--------------------------------------------------------------------------------
    bin/ardurover 1375616 1832 194984 1377448 703320
  2. In libraries/AP_WheelEncoder/WheelEncoder_Quadrature.h change member declaration and compile:
  • Change to uint32_t last_reading_us;
  • ./waf rover --board=Pixhawk1
    Error indicated:
    [471/771] Compiling libraries/AP_WheelEncoder/AP_WheelEncoder.cpp
    …/…/libraries/AP_WheelEncoder/WheelEncoder_Quadrature.cpp: In member function ‘virtual void AP_WheelEncoder_Quadrature::update()’:
    …/…/libraries/AP_WheelEncoder/WheelEncoder_Quadrature.cpp:72:38: error: ‘struct AP_WheelEncoder_Quadrature::IrqState’ has no member named ‘last_reading_ms’; did you mean ‘last_reading_us’?
    72 | irq_state.last_reading_ms);
    | ^~~~~~~~~~~~~~~
    | last_reading_us
  1. Correct two occurrences in libraries/AP_WheelEncoder/WheelEncoder_Quadrature.cpp and change to struct member being understood as μs:
    copy_state_to_frontend(…, irq_state.last_reading_us);
    irq_state.last_reading_us = timestamp;

  2. Compile and link again:
    ./waf rover --board=Pixhawk1
    Target Text (B) Data (B) BSS (B) Total Flash Used (B) Free Flash (B)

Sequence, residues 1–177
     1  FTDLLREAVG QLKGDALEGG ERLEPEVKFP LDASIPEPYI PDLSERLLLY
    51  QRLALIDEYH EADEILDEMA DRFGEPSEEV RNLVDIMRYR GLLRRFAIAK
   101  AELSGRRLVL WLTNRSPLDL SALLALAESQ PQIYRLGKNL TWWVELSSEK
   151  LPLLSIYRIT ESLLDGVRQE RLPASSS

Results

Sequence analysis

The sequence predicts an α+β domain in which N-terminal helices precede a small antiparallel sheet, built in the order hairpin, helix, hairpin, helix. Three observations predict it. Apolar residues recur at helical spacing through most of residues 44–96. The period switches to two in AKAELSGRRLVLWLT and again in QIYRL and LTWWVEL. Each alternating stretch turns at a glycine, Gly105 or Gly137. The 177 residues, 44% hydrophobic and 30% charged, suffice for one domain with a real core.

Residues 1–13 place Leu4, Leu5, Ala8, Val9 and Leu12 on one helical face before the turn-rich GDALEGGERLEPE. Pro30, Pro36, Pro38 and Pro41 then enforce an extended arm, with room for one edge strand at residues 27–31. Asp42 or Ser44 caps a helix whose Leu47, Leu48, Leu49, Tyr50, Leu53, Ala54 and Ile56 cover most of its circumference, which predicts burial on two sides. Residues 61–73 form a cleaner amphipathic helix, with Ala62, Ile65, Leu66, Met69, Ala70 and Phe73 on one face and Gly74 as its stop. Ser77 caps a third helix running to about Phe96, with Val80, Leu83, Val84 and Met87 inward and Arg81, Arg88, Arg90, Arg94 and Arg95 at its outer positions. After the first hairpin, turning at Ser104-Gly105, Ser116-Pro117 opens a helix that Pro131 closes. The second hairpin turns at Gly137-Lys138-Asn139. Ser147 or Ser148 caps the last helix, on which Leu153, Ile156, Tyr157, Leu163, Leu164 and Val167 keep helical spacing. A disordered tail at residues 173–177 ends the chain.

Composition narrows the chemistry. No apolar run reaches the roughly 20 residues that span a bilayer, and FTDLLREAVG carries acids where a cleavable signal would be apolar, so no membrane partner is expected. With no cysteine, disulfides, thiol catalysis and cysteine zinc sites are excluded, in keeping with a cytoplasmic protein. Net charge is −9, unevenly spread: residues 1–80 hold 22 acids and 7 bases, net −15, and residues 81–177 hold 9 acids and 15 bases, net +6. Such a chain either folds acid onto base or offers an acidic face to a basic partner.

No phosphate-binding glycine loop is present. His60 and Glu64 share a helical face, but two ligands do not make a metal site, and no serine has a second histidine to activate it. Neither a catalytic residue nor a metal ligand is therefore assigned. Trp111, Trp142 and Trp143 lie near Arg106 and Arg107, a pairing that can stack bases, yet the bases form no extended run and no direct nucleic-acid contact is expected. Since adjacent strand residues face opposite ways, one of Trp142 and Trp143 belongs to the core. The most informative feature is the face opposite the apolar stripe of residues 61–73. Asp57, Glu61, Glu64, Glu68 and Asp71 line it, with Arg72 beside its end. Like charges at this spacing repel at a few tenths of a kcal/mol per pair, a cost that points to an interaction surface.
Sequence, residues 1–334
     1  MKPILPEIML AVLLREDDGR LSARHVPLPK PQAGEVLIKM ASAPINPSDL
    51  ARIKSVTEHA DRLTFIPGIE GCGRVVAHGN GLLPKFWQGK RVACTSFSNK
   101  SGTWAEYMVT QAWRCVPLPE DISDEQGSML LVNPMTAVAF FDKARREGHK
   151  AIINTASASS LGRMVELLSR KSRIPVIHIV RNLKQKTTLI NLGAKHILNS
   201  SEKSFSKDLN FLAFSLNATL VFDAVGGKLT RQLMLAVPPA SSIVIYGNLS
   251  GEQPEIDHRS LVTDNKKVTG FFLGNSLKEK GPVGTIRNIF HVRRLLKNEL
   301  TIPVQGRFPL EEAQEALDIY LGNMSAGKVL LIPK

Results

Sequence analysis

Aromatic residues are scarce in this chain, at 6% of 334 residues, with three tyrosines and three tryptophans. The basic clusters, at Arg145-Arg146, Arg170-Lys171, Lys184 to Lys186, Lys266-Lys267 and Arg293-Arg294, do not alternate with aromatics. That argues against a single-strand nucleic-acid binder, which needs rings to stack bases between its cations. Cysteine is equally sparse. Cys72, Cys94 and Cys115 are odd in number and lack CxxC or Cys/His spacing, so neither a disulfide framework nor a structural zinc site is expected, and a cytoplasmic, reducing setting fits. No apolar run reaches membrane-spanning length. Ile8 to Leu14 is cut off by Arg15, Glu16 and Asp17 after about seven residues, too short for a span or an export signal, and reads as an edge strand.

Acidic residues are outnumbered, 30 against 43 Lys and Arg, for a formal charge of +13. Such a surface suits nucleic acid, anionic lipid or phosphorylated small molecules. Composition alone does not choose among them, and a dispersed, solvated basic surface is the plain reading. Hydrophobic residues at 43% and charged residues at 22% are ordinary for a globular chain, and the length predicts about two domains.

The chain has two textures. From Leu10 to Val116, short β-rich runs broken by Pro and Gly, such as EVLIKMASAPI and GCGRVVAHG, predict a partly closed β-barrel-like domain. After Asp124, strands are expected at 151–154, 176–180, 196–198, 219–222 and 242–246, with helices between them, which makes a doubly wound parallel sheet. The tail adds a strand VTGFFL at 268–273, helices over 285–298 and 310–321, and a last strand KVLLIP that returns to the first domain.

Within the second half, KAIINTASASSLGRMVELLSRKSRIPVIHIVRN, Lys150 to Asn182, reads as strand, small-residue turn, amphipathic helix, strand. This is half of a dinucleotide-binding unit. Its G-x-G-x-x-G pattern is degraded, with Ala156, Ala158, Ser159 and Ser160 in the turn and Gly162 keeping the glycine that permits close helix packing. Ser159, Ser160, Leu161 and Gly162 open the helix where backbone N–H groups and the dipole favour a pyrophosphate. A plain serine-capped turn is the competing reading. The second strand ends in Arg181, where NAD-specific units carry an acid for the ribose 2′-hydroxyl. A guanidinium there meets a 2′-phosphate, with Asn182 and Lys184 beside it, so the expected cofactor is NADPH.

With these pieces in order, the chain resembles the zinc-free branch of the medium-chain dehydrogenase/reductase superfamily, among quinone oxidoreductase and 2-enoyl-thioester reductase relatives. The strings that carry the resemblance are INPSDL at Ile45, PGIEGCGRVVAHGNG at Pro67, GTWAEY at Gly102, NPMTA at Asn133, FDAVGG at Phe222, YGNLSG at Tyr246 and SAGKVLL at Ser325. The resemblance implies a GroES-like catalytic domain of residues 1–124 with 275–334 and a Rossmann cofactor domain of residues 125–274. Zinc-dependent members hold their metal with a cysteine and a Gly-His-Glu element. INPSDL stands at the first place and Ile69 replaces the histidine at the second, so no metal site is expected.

--------------------------------------------------------------------------------
    bin/ardurover 1375592 1832 194984 1377424 703344
    (24 bytes saved)

  3. Next would be a test to see if the struct member understood as μs has any side effect (I can’t find it used elsewhere explicitly (grep -r) but I have no deep knowledge of the code workings), and in addition comment the line and test again.

So as seen, 24 bytes have been saved in code, but what is more important is the code execution time saved (not sure if within interrupts), possibly thousands times per second.

A github pull request is a lot better than describing the changes like you did.
Please open a github pull request.

There is already a PR about this. I don’t know the code internals; only think that corrections should minimally consist of only changing a letter (…_ms to …_us).

I also observe that in libraries/AP_WheelEncoder/WheelEncoder_Quadrature.cpp, AP_WheelEncoder_Quadrature::pin_ab_to_phase(…) can be written as:
// convert pin a and pin b state to a wheel encoder phase
uint8_t AP_WheelEncoder_Quadrature::pin_ab_to_phase(bool pin_a, bool pin_b)
{
return (uint8_t)(pin_a?(pin_b?2:3):(pin_b?1:0));
return (uint8_t)pin_a << 1 | (uint8_t)pin_b;
}
more compact and easier to understand; however there are no byte savings.

Apparently, the second return, which is equivalent in logic (seems an alternative), is useless since it will not be reached, but if first return is commented and the second return is used, the code size is reduced in 24 additional bytes. Again: I don’t know the code (perhaps the programmer has a good reason for first alternative), but it is related to quadrature signals, which change thousands of times per second. Code size reduction probably implies faster code, which is important here.